When people band together to achieve an ambitious goal, it can heighten everyone’s sense of camaraderie. That’s what happened in Seattle in the lead-up to the Seahawks’ Super Bowl win in 2014.
The Seahawks often hailed “the 12th man”—their fans—for their support. And the fans kept responding.
For example, a group of particularly dedicated fans working in a Seattle skyscraper joined forces on an outlandish project.
Many of the 3,500 tenants in the 42-story tower—the Russell Investments Center—collaborated to create a beaming number 12 on the west exterior of the building. After much effort, they finalized the massive design spanning 18 floors.
Participants within the skyscraper devised a way to position the shades on 418 windows to make the “12” glow in the dark. Meticulously coordinating their efforts, they used an Excel spreadsheet so that the “12” would match the Seahawks’ actual font.
After teams shut every blind on the west side of the building, designated employees opened their shades. Another team member ventured across town to a house with a perfect view of the tower, and he asked the homeowner for permission to let him snap photos of the building and send them to planners inside the tower.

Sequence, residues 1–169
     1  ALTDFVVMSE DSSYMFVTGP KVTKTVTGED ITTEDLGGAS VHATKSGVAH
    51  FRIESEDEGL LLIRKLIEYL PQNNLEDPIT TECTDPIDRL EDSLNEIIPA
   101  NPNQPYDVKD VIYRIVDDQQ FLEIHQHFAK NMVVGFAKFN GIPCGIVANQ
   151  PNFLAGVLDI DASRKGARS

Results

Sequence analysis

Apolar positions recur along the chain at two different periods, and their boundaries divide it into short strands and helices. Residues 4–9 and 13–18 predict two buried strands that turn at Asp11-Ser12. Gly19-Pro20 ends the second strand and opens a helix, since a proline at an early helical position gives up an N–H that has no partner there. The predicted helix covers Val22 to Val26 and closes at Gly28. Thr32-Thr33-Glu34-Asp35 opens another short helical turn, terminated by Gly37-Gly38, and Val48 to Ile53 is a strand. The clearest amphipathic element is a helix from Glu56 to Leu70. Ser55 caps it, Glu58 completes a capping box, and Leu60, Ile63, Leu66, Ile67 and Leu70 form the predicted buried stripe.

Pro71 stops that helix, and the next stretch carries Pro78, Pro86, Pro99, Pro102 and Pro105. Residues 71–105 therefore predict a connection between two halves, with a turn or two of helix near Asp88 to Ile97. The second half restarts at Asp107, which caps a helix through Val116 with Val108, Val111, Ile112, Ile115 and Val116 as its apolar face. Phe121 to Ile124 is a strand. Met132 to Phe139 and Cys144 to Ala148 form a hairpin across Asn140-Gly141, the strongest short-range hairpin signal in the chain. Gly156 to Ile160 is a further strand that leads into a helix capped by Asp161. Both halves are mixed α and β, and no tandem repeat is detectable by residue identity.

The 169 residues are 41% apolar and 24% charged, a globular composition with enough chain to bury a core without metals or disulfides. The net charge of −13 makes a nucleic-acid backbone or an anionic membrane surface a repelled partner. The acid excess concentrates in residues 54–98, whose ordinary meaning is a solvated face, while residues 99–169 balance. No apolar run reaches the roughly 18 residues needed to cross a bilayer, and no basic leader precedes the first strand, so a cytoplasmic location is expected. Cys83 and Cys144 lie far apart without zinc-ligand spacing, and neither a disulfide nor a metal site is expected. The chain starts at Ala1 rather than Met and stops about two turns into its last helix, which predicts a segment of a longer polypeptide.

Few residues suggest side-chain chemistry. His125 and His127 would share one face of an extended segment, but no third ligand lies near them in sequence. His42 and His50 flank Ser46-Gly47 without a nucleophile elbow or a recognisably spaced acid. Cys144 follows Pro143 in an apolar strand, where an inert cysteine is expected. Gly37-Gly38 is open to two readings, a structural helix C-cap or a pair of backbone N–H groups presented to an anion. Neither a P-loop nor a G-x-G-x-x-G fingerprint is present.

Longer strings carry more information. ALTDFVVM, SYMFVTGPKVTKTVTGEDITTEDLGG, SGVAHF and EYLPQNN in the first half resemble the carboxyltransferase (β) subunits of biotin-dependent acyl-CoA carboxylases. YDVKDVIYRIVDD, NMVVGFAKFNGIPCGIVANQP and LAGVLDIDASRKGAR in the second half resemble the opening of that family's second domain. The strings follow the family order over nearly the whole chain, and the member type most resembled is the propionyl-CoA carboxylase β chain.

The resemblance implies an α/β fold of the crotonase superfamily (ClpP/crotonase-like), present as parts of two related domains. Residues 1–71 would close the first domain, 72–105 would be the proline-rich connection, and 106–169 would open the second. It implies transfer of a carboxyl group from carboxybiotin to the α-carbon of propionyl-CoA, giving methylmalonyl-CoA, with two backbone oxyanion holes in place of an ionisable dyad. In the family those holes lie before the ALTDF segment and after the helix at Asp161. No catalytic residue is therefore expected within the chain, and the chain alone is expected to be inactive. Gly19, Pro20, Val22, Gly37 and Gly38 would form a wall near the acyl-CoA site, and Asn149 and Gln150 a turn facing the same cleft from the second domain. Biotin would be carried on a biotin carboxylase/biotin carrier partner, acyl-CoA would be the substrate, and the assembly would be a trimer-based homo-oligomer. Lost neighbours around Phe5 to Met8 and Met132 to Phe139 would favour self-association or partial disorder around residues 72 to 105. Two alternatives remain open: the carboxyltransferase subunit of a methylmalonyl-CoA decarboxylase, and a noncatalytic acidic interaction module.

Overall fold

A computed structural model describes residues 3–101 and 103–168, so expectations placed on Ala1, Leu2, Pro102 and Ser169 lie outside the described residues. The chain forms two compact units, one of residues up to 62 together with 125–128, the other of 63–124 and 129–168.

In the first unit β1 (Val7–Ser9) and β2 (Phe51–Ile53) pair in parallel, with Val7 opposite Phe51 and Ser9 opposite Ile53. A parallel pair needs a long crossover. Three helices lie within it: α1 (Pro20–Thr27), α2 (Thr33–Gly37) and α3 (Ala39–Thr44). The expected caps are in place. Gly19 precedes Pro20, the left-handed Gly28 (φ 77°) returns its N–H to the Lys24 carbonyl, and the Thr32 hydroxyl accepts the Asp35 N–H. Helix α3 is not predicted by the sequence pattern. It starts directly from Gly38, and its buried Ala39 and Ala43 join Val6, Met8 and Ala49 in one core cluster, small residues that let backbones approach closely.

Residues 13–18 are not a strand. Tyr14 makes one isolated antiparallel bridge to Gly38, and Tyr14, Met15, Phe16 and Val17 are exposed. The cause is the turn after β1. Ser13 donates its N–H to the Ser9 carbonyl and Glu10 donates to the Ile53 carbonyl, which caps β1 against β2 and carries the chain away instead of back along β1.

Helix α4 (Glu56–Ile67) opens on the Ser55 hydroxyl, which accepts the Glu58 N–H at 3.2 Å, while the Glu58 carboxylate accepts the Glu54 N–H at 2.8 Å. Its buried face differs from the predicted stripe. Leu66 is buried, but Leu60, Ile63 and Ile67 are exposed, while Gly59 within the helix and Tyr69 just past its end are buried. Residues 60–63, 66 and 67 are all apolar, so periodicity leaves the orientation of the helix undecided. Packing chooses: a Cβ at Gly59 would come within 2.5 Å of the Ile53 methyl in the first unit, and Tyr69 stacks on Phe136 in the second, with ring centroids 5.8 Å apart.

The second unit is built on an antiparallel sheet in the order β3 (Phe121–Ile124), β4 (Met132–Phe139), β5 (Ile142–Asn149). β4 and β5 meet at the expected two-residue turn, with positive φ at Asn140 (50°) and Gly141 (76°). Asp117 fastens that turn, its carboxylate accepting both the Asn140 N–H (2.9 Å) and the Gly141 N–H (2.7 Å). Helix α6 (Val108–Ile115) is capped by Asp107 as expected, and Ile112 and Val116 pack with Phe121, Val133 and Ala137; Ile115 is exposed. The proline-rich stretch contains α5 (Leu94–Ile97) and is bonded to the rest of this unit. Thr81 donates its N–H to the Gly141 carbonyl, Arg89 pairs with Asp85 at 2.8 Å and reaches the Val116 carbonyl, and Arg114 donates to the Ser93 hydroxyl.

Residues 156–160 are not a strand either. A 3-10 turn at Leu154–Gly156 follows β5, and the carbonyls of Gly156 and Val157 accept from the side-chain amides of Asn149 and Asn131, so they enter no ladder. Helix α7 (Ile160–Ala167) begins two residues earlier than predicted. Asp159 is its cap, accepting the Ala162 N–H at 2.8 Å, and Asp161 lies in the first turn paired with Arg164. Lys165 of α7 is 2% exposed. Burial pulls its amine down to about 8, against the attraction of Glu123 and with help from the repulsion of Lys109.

Through this process, the fans kept making improvements to execute better. If only one window shade was set incorrectly, it would throw off the whole project.
By the time the playoffs began, they had pulled it off. In the days leading up to the Super Bowl, the Russell crew had it down to a science. Using blue dots to mark those windows that they needed to close, it took them only 45 minutes to unveil the “12” every night.
— Adapted from “How did they make that giant 12? Teamwork,” Marc Stiles, Puget Sound Business Journal.